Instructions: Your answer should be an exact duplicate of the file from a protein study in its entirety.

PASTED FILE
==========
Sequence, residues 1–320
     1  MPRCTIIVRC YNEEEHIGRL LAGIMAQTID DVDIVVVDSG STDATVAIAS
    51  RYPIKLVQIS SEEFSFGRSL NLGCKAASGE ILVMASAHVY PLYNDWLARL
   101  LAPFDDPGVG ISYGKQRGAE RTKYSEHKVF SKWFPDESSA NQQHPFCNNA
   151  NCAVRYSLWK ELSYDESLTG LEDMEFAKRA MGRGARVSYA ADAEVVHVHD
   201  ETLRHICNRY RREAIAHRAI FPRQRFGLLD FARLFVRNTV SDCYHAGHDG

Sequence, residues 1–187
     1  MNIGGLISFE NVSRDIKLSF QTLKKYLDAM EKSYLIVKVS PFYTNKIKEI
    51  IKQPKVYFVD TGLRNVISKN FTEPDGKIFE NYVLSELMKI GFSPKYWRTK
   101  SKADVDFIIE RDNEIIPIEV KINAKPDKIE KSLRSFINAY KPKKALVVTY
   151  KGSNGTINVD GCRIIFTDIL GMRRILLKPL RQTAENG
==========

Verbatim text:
Sequence, residues 1–320
     1  MPRCTIIVRC YNEEEHIGRL LAGIMAQTID DVDIVVVDSG STDATVAIAS
    51  RYPIKLVQIS SEEFSFGRSL NLGCKAASGE ILVMASAHVY PLYNDWLARL
   101  LAPFDDPGVG ISYGKQRGAE RTKYSEHKVF SKWFPDESSA NQQHPFCNNA
   151  NCAVRYSLWK ELSYDESLTG LEDMEFAKRA MGRGARVSYA ADAEVVHVHD
   201  ETLRHICNRY RREAIAHRAI FPRQRFGLLD FARLFVRNTV SDCYHAGHDG

Sequence, residues 1–187
     1  MNIGGLISFE NVSRDIKLSF QTLKKYLDAM EKSYLIVKVS PFYTNKIKEI
    51  IKQPKVYFVD TGLRNVISKN FTEPDGKIFE NYVLSELMKI GFSPKYWRTK
   101  SKADVDFIIE RDNEIIPIEV KINAKPDKIE KSLRSFINAY KPKKALVVTY
   151  KGSNGTINVD GCRIIFTDIL GMRRILLKPL RQTAENG